Illinois may not continue to pay state workers in full during an ongoing budget impasse, a Cook County judge ruled Tuesday.
In response to a request for a legal review by Attorney General Lisa Madigan, Judge Diane Joan Larsen said Illinois Comptroller Leslie Munger may pay only some workers who are covered under a federal law. Those workers would receive federal minimum wage plus overtime.
Munger's attorneys said it would take the state as long as a year to determine which employees would be paid under federal law and how much. That effectively means no workers will be paid until Republican Gov. Bruce Rauner and Democrats who control the Legislature approve a budget, the comptroller's attorneys said.
"I am disappointed and respectfully disagree with today's ruling," Munger said in a statement. "We went to Court to ensure that my office can comply with federal law and compensate employees for services they are already providing to the state. Ultimately, that can best be accomplished by paying all workers as scheduled."
Lawmakers have been deadlocked over a budget for weeks. Rauner, a conservative businessman seeking pro-business reforms in Illinois, vetoed a spending plan passed by the Legislature that fell far short of available revenues. Democrats such as House Speaker Michael Madigan and Senate President John Cullerton are seeking increases in revenue to ensure the government continues to provide social services and other key operations.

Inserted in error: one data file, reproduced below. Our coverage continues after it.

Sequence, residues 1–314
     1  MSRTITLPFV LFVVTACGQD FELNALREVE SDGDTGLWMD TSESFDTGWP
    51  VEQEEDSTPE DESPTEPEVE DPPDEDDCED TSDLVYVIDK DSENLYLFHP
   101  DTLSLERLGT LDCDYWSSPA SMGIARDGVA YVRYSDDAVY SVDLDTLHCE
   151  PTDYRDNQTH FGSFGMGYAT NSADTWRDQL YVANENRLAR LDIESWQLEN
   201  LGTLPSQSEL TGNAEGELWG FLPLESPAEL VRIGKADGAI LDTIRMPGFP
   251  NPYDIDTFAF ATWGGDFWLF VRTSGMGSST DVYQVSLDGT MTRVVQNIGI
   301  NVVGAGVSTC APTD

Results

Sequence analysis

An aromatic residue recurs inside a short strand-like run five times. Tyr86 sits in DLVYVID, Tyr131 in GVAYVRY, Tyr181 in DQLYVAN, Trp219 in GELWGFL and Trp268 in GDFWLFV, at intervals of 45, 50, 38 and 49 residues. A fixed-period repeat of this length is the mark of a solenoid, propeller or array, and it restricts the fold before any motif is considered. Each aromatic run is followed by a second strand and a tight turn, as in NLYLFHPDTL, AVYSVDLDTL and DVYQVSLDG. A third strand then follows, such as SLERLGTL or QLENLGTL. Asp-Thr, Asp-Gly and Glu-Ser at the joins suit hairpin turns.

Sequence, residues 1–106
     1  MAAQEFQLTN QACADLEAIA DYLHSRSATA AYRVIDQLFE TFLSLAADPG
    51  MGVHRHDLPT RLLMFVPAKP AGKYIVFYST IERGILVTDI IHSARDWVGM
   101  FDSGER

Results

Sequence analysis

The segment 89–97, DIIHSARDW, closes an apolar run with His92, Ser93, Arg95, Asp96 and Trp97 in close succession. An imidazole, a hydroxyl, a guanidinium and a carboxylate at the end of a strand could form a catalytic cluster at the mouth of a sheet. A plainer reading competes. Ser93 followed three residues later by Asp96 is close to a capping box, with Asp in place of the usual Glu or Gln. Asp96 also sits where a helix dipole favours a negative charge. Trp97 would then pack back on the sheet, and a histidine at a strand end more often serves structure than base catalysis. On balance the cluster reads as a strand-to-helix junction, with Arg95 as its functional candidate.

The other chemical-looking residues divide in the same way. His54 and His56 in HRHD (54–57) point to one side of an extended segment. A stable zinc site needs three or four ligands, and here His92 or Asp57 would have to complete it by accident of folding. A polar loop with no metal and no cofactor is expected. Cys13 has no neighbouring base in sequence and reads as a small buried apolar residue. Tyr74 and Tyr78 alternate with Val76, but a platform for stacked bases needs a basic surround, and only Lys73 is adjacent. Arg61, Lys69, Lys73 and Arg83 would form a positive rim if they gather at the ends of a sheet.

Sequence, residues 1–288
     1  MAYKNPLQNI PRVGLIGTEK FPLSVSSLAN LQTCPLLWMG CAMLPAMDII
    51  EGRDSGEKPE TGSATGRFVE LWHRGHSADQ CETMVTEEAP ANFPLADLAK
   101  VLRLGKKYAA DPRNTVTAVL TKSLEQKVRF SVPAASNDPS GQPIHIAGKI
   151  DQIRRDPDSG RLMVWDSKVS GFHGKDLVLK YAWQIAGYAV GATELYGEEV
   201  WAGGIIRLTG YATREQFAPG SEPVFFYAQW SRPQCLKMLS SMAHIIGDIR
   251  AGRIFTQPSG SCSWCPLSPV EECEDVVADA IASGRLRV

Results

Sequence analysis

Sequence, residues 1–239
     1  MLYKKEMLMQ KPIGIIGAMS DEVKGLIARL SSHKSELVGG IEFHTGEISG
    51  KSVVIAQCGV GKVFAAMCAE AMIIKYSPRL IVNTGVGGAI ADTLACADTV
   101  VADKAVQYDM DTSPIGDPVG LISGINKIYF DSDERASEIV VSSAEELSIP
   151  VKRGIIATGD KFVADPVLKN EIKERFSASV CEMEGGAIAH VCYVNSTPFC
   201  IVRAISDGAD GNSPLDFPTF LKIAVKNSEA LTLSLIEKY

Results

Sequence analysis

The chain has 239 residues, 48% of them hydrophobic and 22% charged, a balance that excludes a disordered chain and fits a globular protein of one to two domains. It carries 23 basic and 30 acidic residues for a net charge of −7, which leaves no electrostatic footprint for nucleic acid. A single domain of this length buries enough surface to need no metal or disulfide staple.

Lisa Madigan, a Democrat and the speaker's daughter, had asked the judge to clarify what state government is obligated to pay without an approved budget for the fiscal year that started July 1.
Without appropriation power, the comptroller is likely limited to paying only crucial bills, such as debt service, federal-program participation fees and payments required by court orders.
Munger, a Republican, wanted the judge to rule that all state employees fit into that category based on a 2009 court order during another budget impasse. But Madigan, a Democrat, said that court order and an earlier one indicated that the only allowed pay was limited to federal minimum wage.
On the eve of the budget deadline, The Associated Press obtained a letter that showed that Rauner's personnel agency should continue to pay state employees full wages during a budget impasse.